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Cenotaph Stories

  • Staying connected

    Charlotte Macdonald
    History, Victoria University of Wellington

    In 2020 we are learning anew what distance and separation means. Charlotte Macdonald shows us that while distance in war time or distance to stop the spread of disease are two different reasons for separation but in both we turn to all the tools we have to stay connected, to save life as well as lives.

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  • Data Guidelines

    Online Cenotaph was established by Auckland War Memorial Museum in 1996 and since then we have collaborated with many organisations and individuals to create and enrich the database records.

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  • 70th Anniversary of the Korean War

    By Daniel Millar and Madison Pine
    Collection Technician, Online Cenotaph

    The 25th of June 2020 marks the 70th Anniversary of the commencement of the Korean War. Collection Technician Dan Millar looks at the contribution New Zealand service personnel made during Korea, a conflict of fire and ice.

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  • Treaty of Versailles

    Peace Treaty with a Terrible Reputation
    Glyn Harper Professor of War Studies Massey University

    One Hundred and one years ago, on the 28th June 1919, the Treaty of Versailles was signed. Here, Professor Glyn Harper, of Massey University examines some of the consequences of the 1919 Treaty and challenges the arguments that it was a direct cause of the Second World War. 

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  • Māori Mobilisation: Wartime, Peacetime, Covid-19-time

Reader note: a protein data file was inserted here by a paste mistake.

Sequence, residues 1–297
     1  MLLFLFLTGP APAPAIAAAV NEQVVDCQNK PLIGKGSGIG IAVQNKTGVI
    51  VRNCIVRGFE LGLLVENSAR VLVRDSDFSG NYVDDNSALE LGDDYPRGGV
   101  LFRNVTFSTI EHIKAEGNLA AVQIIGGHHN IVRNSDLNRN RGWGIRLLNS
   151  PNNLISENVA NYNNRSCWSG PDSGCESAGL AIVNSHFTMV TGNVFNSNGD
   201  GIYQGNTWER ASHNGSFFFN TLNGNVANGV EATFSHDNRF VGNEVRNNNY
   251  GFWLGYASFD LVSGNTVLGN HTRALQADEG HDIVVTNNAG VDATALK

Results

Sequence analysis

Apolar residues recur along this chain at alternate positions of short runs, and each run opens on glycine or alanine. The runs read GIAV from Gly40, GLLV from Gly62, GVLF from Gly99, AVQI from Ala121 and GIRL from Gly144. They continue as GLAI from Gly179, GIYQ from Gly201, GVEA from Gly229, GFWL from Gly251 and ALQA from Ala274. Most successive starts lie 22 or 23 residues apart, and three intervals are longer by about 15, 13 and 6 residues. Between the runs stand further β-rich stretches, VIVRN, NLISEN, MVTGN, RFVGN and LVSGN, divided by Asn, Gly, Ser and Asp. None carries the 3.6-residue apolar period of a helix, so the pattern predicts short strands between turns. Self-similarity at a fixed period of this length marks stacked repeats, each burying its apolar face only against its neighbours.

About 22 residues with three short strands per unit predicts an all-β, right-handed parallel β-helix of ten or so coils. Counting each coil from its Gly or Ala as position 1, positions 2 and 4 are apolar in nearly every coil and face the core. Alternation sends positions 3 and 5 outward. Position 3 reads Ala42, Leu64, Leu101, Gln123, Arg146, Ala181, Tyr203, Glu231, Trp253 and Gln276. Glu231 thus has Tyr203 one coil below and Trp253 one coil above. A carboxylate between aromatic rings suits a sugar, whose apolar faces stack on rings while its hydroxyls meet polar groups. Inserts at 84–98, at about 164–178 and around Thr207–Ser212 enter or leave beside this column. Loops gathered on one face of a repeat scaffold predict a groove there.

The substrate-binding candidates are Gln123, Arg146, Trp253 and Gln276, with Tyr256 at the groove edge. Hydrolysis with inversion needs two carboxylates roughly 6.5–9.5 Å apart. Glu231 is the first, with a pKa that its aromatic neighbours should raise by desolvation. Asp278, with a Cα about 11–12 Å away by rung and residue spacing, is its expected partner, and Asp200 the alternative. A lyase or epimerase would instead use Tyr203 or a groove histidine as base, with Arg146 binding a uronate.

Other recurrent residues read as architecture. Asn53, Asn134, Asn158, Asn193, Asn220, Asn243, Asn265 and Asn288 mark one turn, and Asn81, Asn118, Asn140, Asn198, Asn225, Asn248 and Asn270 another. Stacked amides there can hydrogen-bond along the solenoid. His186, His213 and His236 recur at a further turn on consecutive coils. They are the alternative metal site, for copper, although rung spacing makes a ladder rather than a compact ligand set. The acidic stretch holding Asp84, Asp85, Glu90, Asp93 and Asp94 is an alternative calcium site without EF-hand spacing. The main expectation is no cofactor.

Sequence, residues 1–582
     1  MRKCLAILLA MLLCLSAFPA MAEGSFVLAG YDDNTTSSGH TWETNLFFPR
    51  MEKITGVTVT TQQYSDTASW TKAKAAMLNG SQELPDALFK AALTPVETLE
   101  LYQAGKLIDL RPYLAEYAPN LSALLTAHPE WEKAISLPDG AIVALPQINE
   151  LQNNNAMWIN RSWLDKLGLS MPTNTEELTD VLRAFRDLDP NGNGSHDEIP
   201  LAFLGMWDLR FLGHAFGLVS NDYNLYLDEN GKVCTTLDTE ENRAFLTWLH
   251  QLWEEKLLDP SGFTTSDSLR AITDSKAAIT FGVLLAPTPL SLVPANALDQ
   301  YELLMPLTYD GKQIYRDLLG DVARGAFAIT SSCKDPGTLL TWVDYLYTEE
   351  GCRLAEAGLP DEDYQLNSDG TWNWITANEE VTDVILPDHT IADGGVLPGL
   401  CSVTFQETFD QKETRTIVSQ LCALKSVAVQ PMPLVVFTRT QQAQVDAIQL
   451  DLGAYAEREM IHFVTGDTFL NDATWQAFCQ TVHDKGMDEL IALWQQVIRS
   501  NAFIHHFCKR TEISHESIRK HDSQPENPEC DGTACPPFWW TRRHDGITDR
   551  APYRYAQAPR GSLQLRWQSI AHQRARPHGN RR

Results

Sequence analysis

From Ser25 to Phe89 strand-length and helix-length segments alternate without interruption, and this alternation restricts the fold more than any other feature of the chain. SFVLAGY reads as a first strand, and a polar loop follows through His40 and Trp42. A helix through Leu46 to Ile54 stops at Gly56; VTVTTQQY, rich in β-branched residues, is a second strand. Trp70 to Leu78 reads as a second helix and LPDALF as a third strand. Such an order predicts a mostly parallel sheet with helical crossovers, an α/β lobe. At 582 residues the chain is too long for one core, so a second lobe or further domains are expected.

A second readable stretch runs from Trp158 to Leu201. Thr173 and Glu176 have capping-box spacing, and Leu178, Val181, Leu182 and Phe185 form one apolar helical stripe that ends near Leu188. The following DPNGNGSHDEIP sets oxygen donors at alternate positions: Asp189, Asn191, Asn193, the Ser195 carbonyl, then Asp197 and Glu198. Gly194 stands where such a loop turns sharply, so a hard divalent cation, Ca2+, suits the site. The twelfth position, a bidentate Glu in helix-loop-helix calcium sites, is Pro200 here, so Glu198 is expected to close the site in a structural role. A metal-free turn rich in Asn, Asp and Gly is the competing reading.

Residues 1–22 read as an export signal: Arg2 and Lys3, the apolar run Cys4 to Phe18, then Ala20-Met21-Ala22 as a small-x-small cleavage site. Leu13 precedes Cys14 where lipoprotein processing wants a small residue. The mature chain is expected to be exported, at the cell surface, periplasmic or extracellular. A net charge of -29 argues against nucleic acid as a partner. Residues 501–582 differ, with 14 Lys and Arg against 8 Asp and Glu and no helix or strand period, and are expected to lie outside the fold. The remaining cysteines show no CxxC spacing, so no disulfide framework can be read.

Dr Aroha Harris
    University of Auckland, History Department

    Historically, major crises – whether war or disease – that took and disrupted far too many lives also generated unreservedly Māori responses, often paying attention to whānau and community health and wellbeing. Dr Aroha Harris ponders iwi Māori capacity to mobilise throughout the 20th and 21st Century.

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  • History of Poppy Day

    Dr Stephen Clarke
    Making History Ltd.

    Poppy Day is usually held on a Friday before Anzac Day and is one of the oldest nationwide appeals by a voluntary welfare organisation in New Zealand. This year is the first year the Returned and Services Association have made the difficult decision to postpone the national Poppy Day appeal. Here Dr. Stephen Clarke reflects on the History of the Poppy Day.

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  • Names not numbers

    Christopher Pugsley
    Lieutenant Colonel (Retired), ONZM, DPhil, FRHistS

    Christopher Pugsley, reflects on the upcoming Anzac Day in the time of the Covid-19 pandemic, and how we still remember those who were killed during war and those returned service men and women from all conflicts.

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  • Kia mahi tahi tātou - COVID-19 Transcription

    Victoria Passau, Collection Manager Online Cenotaph

    Auckland Museum closed to the public from Friday 22 March 2020 in response to the country entering COVID-19 Alert Level 4. This meant a number of our front-line staff and volunteers required work they could complete from home. Here is what they got up to.

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  • Our Coastwatchers

    Geraldine Warren and Madison Pine
    Collection Information and Access team

    Coastwatchers were the eyes and ears for New Zealand throughout the Moana Pacific, during the Second World War. This is the story of the Coastwatchers, and of John Jones who fought for official recognition of their service. *Please be aware this article does contain sensitive material relating to the Tarawa Massacre*

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  • Centenary of the Anzac Day Act

    Dr Boxer’s Service and the Making of Anzac Day
    Dr Stephen Clarke, Making History Ltd.

    100 years ago Anzac Day 1920 — the fifth anniversary of Gallipoli — was declared the most solemn and impressive to date. Unlike the spontaneous first Anzac Day in 1916, and the muddled observances that followed, this was the result of a conscious effort to make Anzac Day 1920 a sacred day.

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